Assuming that you have a plastered ceiling then the neatest way to do this involves lifting floorboard in the room above. This is my cunning plan so far, there are easier ways to do it but this should provide a safe and secure suspension point.
The advantage of using a cross member between two joists is that you can get a crossmember of appropriate width for drilling the hole for your eyebolt. You don’t want to drill a hole directly through a thin joist to accommodate your eyebolt and weaken the joist itself! With any luck this method will also not result in lots of holes drilled through your ceiling as you aim for a joist or crossmember blindly from below.
Lift floorboard above where you want the suspension point.
Drill a pilot hole, mid way between to joists, down to check you are in the right place in the room beow.
Drill a hole through a beam to use as a cross member. The cross member should be shorter than the joists to allow space for the top of the eyebolt and the nut(s).
Install a crossmember between the two joists over the pilot hole.
Drill through the pre-drilled hole in the crossmember and through the plaster into the room below.
Pass the eyebolt up through your shiny new hole.
Place a large washer or reinforcing plate over the end of the eyebolt to further spread the load.
Install at least one nut preferably 2 with one of them being a lock nut
Tighten each nut in turn while someone in the room below holds the eye in the orientation that you are hoping to achieve.
Before refitting the floorboards above consider adding an access hatch so you can check on the suspension point easily. You’re less likely to check if its hard to do!
Make sure it is a nice fat one that is stainless steel and forged. Read the Crash Restraint article linked above for why you need one of these and not a cheap one.
I want to build a lighting rig. In fact I want to build a couple of lighting rigs. I think I can canabalise a kids trampoline to do this. Before anyone whinges, I’ve got another trampoline from freecycle and the boy gets to choose his favorite before I hack apart the other!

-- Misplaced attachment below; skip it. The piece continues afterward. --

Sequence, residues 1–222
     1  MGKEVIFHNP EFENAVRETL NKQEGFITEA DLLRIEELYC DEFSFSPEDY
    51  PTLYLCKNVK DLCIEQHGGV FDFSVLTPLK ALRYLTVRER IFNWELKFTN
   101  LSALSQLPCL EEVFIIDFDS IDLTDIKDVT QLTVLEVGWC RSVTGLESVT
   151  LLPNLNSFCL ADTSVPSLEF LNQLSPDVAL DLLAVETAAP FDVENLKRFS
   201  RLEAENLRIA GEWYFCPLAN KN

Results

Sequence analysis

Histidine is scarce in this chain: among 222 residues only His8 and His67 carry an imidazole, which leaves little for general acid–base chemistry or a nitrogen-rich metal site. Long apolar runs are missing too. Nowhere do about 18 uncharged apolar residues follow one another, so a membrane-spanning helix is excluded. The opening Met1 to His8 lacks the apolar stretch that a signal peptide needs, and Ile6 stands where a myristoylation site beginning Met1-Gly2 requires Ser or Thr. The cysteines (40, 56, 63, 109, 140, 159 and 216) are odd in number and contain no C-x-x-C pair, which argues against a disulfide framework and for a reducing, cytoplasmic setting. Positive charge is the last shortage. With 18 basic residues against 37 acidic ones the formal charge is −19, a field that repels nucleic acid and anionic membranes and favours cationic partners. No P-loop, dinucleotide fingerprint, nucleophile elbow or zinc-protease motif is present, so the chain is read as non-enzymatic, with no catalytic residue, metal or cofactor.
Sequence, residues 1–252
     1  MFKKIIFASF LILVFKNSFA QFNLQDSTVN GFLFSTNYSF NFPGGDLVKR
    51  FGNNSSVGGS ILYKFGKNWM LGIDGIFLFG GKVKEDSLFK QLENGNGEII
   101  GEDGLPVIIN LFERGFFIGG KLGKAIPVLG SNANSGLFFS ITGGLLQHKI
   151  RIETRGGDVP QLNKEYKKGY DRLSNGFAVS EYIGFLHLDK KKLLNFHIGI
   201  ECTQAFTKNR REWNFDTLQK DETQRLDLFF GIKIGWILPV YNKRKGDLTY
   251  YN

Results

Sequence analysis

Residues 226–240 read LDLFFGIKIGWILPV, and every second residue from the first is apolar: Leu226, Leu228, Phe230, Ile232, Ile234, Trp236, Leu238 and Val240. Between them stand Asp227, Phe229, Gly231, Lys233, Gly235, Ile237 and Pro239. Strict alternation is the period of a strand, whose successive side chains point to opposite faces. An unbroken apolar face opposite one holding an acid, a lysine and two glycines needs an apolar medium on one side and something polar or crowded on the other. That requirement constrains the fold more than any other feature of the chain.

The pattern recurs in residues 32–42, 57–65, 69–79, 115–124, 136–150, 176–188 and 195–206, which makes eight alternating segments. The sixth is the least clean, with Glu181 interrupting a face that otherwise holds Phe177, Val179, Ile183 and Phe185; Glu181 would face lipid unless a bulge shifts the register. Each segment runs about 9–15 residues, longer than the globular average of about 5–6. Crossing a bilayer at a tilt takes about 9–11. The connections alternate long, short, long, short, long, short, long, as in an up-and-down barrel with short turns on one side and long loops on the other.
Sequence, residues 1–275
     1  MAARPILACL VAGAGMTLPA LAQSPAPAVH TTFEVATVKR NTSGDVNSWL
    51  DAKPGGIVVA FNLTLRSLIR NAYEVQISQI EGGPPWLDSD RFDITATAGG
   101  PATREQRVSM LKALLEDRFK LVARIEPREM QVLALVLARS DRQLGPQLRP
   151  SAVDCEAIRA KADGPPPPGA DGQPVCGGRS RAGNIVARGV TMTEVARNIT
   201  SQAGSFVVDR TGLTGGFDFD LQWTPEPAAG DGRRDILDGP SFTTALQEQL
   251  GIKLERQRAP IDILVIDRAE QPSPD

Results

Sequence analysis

The first rig I want to be a simple small bar over my desk as a place to rig a couple of lights for testing and to have them out and in use as oppose to boxed for most of the time. I should be able to do this from either the legs of the trampoline or the uprights that hold the netting that stops the boy bouncing off it.
The trampoline breaks down into 4 sections that gives me several modular options of making a small circular rig, an S shaped rig using all four pieces, 2 smaller S shaped rigs or 4 separate curved sections.
Normally the pieces just slot together and are held in place by the tension on the springs and the bit you bounce on, as I’m not going to have this, I’m going to drill through the bits that slot together so that I can drop a bolt in to hold them together.
Ideally I would weld a loop at the end of each section to attach a supporting chain. But as my welding is none existent I’m going to have to settle for bolting the sections together with eyebolts, having the supporting chain go around the bar and attach to itself AND the eyebolt with a quick link. This way the bar rests on the support chain and the load of the whole rig plus lights is not on the nut on the underside of the eyebolt. The eyebolt will prevent the chain slipping along the bar but should not be considered as load bearing.